After mastering the ability to use climate as a trigger to target digital advertising, IBM plans in 2018 to focus on the integration of "weather analyzes" into ERP technologies from companies such as SAP, which offers a product forecast replenishment engine.
"You are creating a virtuous circle that takes advantage of the weather," said Paul Walsh, director of climate strategy at IBM.
Now that platforms can forecast and target advertising and marketing messages through mobile, social and other digital media, he said the next step will be to ensure that brand manufacturers have enough products and have the staff available to meet the demand. of consumers.
IBM will teach brands to build forecast models that take temperature into account, so that when they fall between 15 degrees and 20 degrees, brands will have enough product to meet the demand created by marketing through advertising and marketing. . That demand is also identified by searches on engines such as Google and Bing.
"We discussed with retailers the impact of Google searches on weather patterns and, as expected, searches for specific categories and brands follow climate trends," said Walsh. "If it's colder than 'normal,' you can see how search trends, when people search for different product categories, assign the same seasonality of buying patterns."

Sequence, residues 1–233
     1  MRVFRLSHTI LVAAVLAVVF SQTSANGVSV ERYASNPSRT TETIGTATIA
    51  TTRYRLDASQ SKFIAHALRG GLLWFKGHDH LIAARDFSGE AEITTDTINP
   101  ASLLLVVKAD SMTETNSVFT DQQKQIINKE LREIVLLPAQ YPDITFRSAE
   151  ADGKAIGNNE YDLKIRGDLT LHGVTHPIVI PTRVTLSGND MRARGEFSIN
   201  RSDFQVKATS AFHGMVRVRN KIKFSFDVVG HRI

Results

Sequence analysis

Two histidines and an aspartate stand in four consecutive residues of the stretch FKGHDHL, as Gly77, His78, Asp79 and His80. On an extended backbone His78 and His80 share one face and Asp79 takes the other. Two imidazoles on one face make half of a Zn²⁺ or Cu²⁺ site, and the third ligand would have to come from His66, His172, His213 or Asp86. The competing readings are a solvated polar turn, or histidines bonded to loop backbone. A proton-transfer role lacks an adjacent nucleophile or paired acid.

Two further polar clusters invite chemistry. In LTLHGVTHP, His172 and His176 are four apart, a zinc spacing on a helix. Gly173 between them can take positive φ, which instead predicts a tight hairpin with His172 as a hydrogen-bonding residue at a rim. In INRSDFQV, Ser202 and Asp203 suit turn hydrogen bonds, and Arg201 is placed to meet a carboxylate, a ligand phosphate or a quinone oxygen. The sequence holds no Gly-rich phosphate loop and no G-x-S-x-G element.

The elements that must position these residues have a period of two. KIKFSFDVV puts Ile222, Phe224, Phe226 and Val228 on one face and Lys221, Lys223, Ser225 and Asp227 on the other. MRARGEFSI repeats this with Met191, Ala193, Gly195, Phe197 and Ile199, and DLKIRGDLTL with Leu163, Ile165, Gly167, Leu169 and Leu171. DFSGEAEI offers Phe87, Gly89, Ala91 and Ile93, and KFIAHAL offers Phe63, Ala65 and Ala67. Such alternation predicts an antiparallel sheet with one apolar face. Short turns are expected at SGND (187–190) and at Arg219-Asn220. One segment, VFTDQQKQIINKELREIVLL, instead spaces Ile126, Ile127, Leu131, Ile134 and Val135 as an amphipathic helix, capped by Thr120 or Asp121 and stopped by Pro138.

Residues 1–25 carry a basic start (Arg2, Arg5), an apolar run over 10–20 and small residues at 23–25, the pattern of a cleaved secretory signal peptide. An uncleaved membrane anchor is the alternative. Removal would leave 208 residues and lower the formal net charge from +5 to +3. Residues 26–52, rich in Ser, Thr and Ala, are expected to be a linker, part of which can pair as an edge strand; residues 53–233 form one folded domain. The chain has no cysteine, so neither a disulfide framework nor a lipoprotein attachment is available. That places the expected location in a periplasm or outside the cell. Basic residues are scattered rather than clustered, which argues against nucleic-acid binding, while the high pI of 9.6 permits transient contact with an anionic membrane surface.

Marketers will spend much more time depending on weather triggers for ad targeting in 2018, especially since recent data shows that during the 2017 season, clouds and rain "activated the spirit of Christmas shopping," Walsh said.
Off-season and seasonal weather influence the amount consumers buy, along with the types of products they buy, how consumers buy and the price they are willing to pay. Since the colder weather moved earlier this year, compared to the last two winters, consumers began Christmas shopping in November.
Walsh said that weather has a lot to do with when people start buying Christmas presents. Not only for Christmas and Hanukkah, but for Valentine's Day, Mother's Day and others. He said the weather typically "lights up" Christmas shopping.
"When the weather changes to a new season, it triggers what we call seasonal novelties," said Walsh. "Unleash the initial demand and feel that, oh my God, Christmas is just around the corner, and I have to go shopping."
Walsh said the same thing happens in New York during the spring. Temperatures reach 60 degrees in March and people begin to worship the sun. In California, a climate that rarely has a major change in temperature, then suddenly sees a day of 49 degrees, can have a more profound impact than a five-degree turn in Minneapolis.